Creating a brand logo is no child’s play, but it sure is a mix of equal measures of challenge and fun. If you are a graphic designer or someone who has worked on branding ever in your life, then you know what we mean. This is the story of the behind-the-scenes of creating a brand logo from scratch, and our protagonist here is Lilo.
One of our friends, who is also a designer, had recommeded us to the the Lilo team. The stakes were high as we had shouldered a responsibility that came with high expectations. However, the folks at Lilo were quite apprehensive at giving us the project — perhaps beacause we were newbies without much to flaunt in our portfolio (which would change once we designed the Lilo logo). Their apprehension at first did hurt our egos. But when it comes to creating memorable designs, ego is not included! So began the brainstorming, and boy did we impress the Lilo team with some fantastic designs!
How the Balloon Came to Be
Lilo, short for “Little Locator”, is a startup making wearable devices for children. The basic tenet of a children’s brand or its logo is that it should click with kids of all ages, including toddlers and those a little older. The logo should be loveable, colourful, and curvy with no sharp or blunt edges. Using this approach we shortlisted three designs. The idea behind one of the designs that stood out was based on our wordly observations.
If you’ve travelled far and wide, you would have noticed how Chinese tourists move in large groups. You would have also observed that their tour guide holds a coloured flag for easy visibility. Intelligent, isn’t it? This was the first observation we latched on. The second was the use of huge hot air balloons at events, which are visible even from long distances when lit. The idea of using balloons in the logo stuck even deeper as kids (and adults) love them.
It’s quite common on Indian roads to see balloon vendors doing rounds with colourful helium balloons, especially hovering for a long time around vehicles with kids for a guaranteed sale! And who doesn’t love helium balloons — it’s quite magical to see one floating in the air! So we wrote the name Lilo and placed a balloon in place of the “O”. To make it more attractive we designed the balloon with a hanging string that gave an impression that it’s let loose in the air and on its way up. The folks at Lilo loved this concept and there weren’t any further iterations on the design. Did we hit the bull’s eye in the first shot? Read on.
Did You See the Puppy?
Serendipity is a beautiful word and it is more so when it happens to you in real life. A serendipitous occurrence happended to us and that’s how we found the puppy. Okay, we won’t leave you scratching your head now. The Lilo logo design we had created looked like an adorable little dog. If you didn’t quite notice, you can check it out once again; go ahead, we’ll wait. Now that you’ve taken another look at it, doesn’t the balloon resemble the dog’s head and the “LIL” of Lilo the body? The serendipitous incidence that made us figure that out was a power cut, when the bright laptop screen with the logo on display was the only thing all of us could see in a dark room.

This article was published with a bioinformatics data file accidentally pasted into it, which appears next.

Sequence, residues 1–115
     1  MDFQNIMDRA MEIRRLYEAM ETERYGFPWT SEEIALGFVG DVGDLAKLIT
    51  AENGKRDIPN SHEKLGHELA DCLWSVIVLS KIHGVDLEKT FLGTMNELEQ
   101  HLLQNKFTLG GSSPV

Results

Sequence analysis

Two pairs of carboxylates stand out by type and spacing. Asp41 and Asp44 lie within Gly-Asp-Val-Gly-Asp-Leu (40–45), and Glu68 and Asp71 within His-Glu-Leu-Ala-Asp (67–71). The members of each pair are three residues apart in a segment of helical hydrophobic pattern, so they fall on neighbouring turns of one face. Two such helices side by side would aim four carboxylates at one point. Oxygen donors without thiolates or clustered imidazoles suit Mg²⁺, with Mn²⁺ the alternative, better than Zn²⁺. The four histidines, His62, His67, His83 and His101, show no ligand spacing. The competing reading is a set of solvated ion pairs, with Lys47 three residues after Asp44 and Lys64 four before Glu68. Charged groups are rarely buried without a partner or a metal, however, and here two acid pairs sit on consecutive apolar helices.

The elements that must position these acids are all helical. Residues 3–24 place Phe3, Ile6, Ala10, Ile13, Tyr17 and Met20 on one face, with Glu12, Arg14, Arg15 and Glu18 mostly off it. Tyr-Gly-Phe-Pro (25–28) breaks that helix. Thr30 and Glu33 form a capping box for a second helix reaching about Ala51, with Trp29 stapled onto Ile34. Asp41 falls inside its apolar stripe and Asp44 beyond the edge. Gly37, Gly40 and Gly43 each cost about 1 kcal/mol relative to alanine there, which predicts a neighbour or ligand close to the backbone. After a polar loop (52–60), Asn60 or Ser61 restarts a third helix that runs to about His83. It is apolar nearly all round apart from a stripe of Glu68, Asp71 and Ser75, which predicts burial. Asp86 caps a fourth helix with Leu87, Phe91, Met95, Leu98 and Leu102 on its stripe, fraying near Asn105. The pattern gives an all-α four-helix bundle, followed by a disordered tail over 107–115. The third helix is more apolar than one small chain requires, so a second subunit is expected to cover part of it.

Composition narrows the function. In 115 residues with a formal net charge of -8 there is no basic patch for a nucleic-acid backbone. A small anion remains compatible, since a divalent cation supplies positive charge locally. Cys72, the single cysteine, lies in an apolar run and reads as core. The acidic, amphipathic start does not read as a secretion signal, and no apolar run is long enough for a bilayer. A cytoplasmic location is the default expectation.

So to enhance it further and make the design perfect, we made a few more adjustments. First we cut the string holding the balloon so that it would resemble a dog’s face more clearly. Next we applied the golden ratio to modify the shape and design. Being one from the graphic design clan, you would know that this is the tool to use when you want to be on the creative level as that of the great artists, such as Leonardo Da Vinci or Salvadore Dali. Did you know that even Apple’s logo uses the golden ratio? (You knew? Ping us to join our team!) With the few modifications done, we had a transformed logo ready.
There’s No Turning Back
Although the logo was ready and was an instant hit with the Lilo team, we hadn’t hit the fish eye yet. We had the Lilo investors left to impress and convince. If you’ve had anything to do with startups or had your own, you would know that they are a different breed of people and not that easy to convince. But our preparation and confidence in the logo we had designed kept our morale high and steady. So we presented the transformed version of the logo with perfect dimensions and there was no turning back! That was the turning point in the history of Pebels. We had successfully delivered our second logo project without iterations and in turn made our Lilo logo the benchmark and the golden standard of creating future logos.
Working together as a design team and brainstorming on uncharted territory made us grow and do great projects together. It was a learning curve for all of us involved. Every logo has a story — of the brand, of the things that go behind coming up with a skeleton sketch, and the final design. The entire process of creating a logo is a fruitful journey for all the creative minds involved. Have you been on one such journey or want to join the bandwagon of storytellers at Pebels? We would love to hear your story.